How Much COVID Relief Has Been Spent So Far?

Our brand new, state-of-the-art interactive COVID Money Tracker tool follows every dollar authorized and spent by Congress, the Federal Reserve, and the Administration in response to the coronavirus public health and economic crisis.

To date, we estimate policymakers have committed trillions of financial support — including $587 billion through administrative actions, $3.8 trillion through legislative actions, and $7.0 trillion through Federal Reserve actions. Approximately $414 billion (70 percent) of administrative support has been committed or disbursed, along with $2.2 trillion (almost 60 percent) of legislative support and $2.2 trillion (over 30 percent) of Federal Reserve support. On net, we estimate these measures will increase ten-year deficits by $2.6 trillion.

The $2.2 trillion of legislative support already committed or disbursed includes, by our estimates, $532 billion in forgivable loans and related bank fees from the Paycheck Protection Program (PPP), $272 billion in Economic Impact Payments, $242 billion in unemployment benefits, $195 billion to support Federal Reserve loan facilities, $180 billion in state and local funding, $164 billion in Economic Injury Disaster Loans, $159 billion in temporary relief from allowing employers to defer payroll tax payments, $114 billion in health-related spending, $113 billion in payroll tax credits for paid leave and employee retention, and roughly $270 billion in other spending, loans, and tax breaks. 

Of the $1.6 trillion of uncommitted legislative funds, approximately $637 billion comes from loan programs. So far, the Federal Reserve has only tapped $195 billion out of $454 billion available to establish emergency lending facilities. Meanwhile, small businesses claimed only $532 billion of the $670 billion made available in forgivable loans through the Paycheck Protection Program – which is now closed – and $164 billion out of $366 billion available through the Economic Injury Disaster Loans (EIDL) program – which continues to offer loans.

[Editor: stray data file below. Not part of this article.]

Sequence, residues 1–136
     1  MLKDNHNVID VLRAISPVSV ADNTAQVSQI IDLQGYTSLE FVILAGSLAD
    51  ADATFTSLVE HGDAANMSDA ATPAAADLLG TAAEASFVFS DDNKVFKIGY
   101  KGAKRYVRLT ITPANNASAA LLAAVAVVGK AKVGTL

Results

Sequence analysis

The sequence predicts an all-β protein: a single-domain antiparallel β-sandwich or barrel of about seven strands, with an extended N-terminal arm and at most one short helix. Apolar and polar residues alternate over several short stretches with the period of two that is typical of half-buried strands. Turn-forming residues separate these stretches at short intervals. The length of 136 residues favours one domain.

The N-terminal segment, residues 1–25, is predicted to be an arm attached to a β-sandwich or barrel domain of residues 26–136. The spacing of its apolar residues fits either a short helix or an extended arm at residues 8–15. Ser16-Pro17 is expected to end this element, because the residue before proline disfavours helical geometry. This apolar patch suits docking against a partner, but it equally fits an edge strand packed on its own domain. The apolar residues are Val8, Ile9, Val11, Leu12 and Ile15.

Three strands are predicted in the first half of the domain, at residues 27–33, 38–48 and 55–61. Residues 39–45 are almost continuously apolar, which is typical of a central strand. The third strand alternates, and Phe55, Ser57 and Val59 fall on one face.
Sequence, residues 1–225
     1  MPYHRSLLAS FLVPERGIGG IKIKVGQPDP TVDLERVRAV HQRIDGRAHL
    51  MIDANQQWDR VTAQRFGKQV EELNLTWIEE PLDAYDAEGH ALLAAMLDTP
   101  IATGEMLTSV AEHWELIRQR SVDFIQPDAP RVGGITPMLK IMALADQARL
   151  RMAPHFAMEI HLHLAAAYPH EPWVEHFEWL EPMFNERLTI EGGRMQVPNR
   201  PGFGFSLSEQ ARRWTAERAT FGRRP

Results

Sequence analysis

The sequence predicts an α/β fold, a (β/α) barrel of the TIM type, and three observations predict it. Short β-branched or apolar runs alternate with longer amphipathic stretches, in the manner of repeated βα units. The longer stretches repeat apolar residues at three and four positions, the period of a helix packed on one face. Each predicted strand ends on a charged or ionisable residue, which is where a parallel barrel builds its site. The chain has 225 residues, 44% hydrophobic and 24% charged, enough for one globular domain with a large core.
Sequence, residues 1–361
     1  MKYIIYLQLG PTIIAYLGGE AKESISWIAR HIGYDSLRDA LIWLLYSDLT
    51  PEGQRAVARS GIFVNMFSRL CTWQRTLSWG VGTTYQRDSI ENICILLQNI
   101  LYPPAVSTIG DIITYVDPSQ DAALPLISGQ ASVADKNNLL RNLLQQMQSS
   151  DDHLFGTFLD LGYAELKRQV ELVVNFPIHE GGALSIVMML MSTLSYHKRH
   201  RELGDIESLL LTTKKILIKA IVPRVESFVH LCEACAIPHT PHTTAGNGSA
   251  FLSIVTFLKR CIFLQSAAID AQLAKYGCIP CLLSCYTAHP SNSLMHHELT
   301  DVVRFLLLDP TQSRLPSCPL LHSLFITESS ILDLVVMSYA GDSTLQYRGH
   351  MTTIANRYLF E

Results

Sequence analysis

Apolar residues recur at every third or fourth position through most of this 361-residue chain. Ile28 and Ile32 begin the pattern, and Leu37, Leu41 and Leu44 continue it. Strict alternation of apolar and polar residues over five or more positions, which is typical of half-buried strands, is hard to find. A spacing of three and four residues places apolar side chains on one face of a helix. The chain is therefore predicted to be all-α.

Another $458 billion of undisbursed funds can be attributed to tax policies. Most of these tax breaks and deferrals began in April and will last through the end of the year. Therefore, we anticipate funds will continue to be disbursed gradually as taxpayers file taxes and claim refunds. However, data limitations make it difficult to track disbursements from certain business tax cuts in real time.

Similarly, expanded unemployment benefits (apart from the $600 supplement) and other income support programs are set to continue through the end of the year or beyond — which explains why $145 billion of income support has not yet been disbursed. About $188 billion set aside for health provider grant programs and health spending also appears to be uncommitted — either because policymakers have yet to distribute it or the data is not yet available.

You can track these and other programs and policies through our new interactive COVID Money tracker tool, which will be updated regularly. 

This blog post is a product of the COVID Money Tracker, a new initiative of the Committee for a Responsible Federal Budget focused on identifying and tracking the disbursement of the trillions being poured into the economy to combat the crisis through legislative, administrative, and Federal Reserve actions.